Band (together) vs. bandy (about)

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To band together is to form a group or to cooperate. To bandy something about is to toss it around, literally or figuratively. Bandy’s exact origins are unknown, but it was originally used in tennis and similar sports, where to bandy a ball about is to hit it back and forth.

Band together and bandy about are sometimes mixed up, and the confusion goes both ways—for example:

When the term entrepreneur is banded about, glitzy biographies of “celebrities” … spring to mind. [Norfolk Eastern Daily Press]

Brian Wilson and those living original members have bandied together for a 50-show tour and reunion album next year. [Gothamist]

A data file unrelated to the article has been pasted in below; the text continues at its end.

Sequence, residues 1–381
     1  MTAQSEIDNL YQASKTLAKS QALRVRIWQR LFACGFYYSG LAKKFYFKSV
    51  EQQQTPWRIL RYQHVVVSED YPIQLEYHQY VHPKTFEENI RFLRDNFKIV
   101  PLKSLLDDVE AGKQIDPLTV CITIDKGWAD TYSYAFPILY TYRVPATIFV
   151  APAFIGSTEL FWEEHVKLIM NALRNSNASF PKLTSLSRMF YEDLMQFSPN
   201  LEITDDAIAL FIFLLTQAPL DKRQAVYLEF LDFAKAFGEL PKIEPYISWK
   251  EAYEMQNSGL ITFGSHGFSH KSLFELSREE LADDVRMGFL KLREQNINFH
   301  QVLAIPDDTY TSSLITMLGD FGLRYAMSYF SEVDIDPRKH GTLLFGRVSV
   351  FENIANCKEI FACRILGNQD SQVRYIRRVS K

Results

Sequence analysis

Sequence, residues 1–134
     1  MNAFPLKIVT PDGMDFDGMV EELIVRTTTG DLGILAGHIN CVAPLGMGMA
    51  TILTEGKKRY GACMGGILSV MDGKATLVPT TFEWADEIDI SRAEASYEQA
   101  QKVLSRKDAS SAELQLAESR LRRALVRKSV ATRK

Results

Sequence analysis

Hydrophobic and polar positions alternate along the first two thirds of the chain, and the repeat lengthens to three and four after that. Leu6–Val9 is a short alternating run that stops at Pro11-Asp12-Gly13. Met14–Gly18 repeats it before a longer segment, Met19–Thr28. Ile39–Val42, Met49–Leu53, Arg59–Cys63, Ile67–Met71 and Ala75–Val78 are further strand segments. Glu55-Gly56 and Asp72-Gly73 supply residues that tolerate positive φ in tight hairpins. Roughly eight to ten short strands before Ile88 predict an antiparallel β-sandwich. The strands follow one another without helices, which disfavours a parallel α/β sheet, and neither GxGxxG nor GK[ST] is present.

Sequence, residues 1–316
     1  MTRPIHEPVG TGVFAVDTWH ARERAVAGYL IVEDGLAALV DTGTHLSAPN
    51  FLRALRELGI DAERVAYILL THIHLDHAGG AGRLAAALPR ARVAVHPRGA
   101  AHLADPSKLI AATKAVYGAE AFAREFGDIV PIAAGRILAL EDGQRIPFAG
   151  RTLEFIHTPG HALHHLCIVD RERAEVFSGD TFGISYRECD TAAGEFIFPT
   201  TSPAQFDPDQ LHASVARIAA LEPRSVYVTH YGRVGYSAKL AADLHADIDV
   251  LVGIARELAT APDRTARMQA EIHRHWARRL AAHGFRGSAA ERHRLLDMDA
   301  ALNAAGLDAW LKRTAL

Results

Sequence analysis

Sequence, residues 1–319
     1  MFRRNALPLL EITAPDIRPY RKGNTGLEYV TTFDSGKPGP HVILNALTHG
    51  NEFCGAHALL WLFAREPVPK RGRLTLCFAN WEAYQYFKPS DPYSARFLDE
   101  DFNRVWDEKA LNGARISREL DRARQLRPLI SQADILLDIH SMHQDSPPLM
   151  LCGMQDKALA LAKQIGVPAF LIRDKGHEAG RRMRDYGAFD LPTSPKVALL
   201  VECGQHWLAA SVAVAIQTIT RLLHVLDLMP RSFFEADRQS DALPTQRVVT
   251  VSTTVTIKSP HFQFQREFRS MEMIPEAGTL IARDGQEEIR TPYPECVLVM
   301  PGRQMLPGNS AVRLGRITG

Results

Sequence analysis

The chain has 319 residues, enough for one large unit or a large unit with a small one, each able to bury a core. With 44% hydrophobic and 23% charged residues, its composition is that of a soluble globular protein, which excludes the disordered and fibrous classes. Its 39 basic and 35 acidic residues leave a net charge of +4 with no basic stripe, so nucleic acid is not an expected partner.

For all their freeness in banding around accusations … the SWP, Counterfire and Socialist Action have agreed [on] a list which is 5/6 male! [Workers’ Liberty]

[A] lobby group of 300 farmers is bandying together to preserve their livelihood. [NZ City]

And here are some positive examples:

He does not bandy about terms like “cantilever” or “curtain wall.” [New York Times]

But the old-school tailors of world famous Savile Row are being forced to band together to halt the march of vulgar commercialism. [Daily Mail]

When the timetable for the sale of spectrum was established two years ago, a ballpark figure of $1.5 billion was bandied around. [The Australian]

The Winnipeg theatre community is banding together to help two of its own rise from the ashes. [Winnipeg Free Press]